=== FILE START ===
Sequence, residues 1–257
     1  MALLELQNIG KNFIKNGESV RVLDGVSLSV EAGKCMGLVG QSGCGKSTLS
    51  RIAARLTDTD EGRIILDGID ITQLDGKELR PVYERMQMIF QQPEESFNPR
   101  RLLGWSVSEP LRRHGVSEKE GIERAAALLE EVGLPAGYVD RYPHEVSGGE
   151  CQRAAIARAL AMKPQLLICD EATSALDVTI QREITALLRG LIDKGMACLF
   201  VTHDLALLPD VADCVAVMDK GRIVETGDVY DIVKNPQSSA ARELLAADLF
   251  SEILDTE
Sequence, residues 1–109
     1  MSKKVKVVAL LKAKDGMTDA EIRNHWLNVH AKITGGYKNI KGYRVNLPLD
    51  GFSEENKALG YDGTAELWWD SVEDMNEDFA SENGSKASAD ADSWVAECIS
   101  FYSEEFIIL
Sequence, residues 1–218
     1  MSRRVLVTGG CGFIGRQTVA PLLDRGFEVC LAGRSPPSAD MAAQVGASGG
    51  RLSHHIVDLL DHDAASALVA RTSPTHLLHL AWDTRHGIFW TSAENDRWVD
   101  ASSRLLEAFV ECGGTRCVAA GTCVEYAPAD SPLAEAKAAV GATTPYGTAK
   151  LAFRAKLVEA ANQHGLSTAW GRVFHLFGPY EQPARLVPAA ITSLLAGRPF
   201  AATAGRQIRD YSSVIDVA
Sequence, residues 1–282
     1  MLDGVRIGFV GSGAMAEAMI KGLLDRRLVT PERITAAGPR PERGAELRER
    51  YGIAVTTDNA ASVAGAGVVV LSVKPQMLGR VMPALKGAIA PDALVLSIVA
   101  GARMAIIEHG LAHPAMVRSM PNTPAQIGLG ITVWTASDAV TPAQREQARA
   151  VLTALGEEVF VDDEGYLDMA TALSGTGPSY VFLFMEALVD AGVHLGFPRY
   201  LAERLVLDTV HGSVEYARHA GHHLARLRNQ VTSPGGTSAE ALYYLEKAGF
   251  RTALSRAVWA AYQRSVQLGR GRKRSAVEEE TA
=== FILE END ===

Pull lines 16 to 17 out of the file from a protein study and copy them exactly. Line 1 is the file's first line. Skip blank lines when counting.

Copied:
   151  LAFRAKLVEA ANQHGLSTAW GRVFHLFGPY EQPARLVPAA ITSLLAGRPF
   201  AATAGRQIRD YSSVIDVA